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What to Do if the Florida Landlord is Refusing to Return a Tenant’s Security Deposit?

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When signing a lease to an apartment or house in Florida, the landlord will request a security deposit on top of the rental payment. But what if he or she is refusing to return a tenant’s security deposit after the tenant moves out?

What is a Security Deposit in Florida?

A security deposit is a sum of money provided by a tenant – typically, it amounts to one or two times the rent – for the period they occupy a rental property or space.

After the rental period is over, the landlord is required to return the security deposit. The deposit can be withheld by the landlord only to pay for actual damages, material or financial, caused by the tenant. It is a standard practice in Florida for landlords to deduct amounts from the security deposit to clean or repair the rental property.

However, that does not necessarily mean that a landlord is free to deduct any amounts from the security deposit for any or no reason at all. Speak with a West Palm Beach Landlord-Tenant Litigation attorney if your landlord is refusing to return the security deposit or is trying to deduct any amounts from it under the pretense of “fixing the damages.”

When Does a Florida Landlord Have to Return the Security Deposit?

In Florida, landlords are required to return a tenant’s security deposit only after the tenant moves out of the rental property. To be more precise, the landlord has 15 days to return the tenant’s security deposit if there are no claims against the deposit (in other words, the landlord does not intend to deduct any funds to fix the damages).

If your Florida landlord intends to make a claim, he or she has 30 days to notify the tenant of the claim.

What Happens to the Security Deposit if a Tenant Moves Out Before the End of a Written Lease?

Contrary to popular belief, you may still get your security deposit back even if you moved out of a rental property before the end of a written lease.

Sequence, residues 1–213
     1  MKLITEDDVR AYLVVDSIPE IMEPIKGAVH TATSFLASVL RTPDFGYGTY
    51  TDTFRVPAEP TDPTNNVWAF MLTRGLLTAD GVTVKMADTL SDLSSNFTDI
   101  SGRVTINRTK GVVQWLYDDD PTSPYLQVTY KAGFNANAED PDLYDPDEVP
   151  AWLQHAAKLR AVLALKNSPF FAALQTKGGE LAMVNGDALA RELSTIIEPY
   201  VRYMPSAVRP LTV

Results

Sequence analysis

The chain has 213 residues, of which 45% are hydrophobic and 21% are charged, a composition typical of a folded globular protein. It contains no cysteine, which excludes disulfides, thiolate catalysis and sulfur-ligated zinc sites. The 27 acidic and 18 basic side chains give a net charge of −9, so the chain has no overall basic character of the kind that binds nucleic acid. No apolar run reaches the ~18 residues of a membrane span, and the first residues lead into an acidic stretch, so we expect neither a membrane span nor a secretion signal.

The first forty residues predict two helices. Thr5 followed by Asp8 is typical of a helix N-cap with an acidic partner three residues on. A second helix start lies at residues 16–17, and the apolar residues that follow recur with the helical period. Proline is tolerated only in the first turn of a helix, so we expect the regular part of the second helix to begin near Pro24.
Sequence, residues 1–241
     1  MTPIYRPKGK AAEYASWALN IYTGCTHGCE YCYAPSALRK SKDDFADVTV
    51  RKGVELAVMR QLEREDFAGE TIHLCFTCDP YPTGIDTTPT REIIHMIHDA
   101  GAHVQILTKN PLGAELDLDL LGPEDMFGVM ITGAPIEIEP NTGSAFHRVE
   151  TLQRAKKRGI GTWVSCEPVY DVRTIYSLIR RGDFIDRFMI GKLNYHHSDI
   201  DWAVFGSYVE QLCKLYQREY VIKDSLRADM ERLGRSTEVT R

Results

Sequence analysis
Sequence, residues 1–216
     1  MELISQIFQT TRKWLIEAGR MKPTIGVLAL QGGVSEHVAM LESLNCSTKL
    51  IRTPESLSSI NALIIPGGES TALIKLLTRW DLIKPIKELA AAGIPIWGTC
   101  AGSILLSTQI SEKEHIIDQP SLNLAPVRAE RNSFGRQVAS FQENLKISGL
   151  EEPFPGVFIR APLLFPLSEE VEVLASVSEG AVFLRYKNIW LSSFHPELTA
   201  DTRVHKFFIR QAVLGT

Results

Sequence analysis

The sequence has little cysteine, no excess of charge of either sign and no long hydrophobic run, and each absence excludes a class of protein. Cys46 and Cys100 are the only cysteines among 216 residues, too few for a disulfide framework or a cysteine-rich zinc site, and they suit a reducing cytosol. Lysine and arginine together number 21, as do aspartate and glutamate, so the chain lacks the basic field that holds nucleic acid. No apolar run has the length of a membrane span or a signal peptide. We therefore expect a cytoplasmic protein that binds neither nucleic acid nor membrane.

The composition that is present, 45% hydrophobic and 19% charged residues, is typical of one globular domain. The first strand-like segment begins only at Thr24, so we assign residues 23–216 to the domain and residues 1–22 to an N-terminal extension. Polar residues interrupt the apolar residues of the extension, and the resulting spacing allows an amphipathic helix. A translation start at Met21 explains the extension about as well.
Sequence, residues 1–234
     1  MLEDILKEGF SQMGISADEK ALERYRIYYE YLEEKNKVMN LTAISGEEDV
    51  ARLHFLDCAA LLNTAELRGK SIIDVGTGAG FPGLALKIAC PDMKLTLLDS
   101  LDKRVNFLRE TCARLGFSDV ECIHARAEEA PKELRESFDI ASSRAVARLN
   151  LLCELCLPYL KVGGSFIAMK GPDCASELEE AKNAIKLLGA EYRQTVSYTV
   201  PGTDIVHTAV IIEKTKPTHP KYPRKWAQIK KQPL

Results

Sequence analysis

However, if this happens, a tenant must notify the landlord in writing at least seven days before moving out. The tenant may personally deliver the notice, which must include an address where he or she may be reached, or send it by certified mail.

Failure to give the notice before moving out means that the landlord is no longer required to notify the tenant of any claims against the security deposit. However, the tenant still has the right to sue the landlord for a refund of the security deposit.

Note: The tenant might be liable for an “early lease termination” fee. In some cases, that fee might exceed the amount of the security deposit. In that case, suing the landlord may not be the best option.

How Can a Landlord-Tenant Dispute Over the Security Deposit Be Resolved?

If you intend to dispute the landlord’s claim against the security deposit or the landlord is refusing to return the security deposit after not giving any notice of a claim within 30 days, you may want to try to resolve the landlord-tenant dispute informally and out of court.

If the dispute cannot be resolved informally, you need a West Palm Beach Landlord-Tenant Litigation attorney to file a lawsuit. If the amount of the security deposit is $5,000 or less, the tenant must file a lawsuit in Small Claims Court.

Find out about other landlord-tenant lawsuit requirements during a phone consultation with our West Palm Beach landlord-tenant litigation lawyers at Pike & Lustig, LLP. Call at 561-291-8298.

https://www.turnpikelaw.com/florida-appeals-court-rules-in-favor-of-commercial-landlord-in-eviction-case/

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